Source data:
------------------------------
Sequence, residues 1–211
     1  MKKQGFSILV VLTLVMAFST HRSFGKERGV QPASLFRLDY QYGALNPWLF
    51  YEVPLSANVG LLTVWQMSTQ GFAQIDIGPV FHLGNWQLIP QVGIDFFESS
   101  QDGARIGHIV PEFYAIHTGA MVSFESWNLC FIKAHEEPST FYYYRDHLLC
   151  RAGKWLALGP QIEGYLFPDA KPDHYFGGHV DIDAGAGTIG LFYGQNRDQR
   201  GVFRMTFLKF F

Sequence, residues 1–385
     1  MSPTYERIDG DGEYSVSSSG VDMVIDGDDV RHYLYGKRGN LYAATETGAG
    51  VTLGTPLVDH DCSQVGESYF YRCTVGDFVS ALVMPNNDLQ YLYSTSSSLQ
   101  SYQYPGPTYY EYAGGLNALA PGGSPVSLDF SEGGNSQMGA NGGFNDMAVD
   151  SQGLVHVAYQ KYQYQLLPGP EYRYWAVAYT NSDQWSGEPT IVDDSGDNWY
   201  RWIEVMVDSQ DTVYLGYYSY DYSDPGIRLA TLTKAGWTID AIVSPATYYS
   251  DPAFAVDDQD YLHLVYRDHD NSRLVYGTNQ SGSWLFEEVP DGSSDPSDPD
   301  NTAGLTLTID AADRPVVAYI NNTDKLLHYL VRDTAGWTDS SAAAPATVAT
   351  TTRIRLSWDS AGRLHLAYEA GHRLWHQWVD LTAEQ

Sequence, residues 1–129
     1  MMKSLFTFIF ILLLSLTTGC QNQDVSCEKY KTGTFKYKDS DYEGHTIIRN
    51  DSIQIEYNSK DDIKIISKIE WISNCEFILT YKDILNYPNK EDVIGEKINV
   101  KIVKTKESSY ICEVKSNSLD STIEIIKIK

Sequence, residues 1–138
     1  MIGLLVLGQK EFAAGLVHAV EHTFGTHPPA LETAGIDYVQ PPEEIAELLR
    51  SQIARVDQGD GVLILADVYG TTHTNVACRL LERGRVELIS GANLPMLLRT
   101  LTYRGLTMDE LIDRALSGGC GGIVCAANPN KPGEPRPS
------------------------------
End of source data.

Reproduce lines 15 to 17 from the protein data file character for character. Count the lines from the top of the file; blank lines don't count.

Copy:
   351  TTRIRLSWDS AGRLHLAYEA GHRLWHQWVD LTAEQ

Sequence, residues 1–129
     1  MMKSLFTFIF ILLLSLTTGC QNQDVSCEKY KTGTFKYKDS DYEGHTIIRN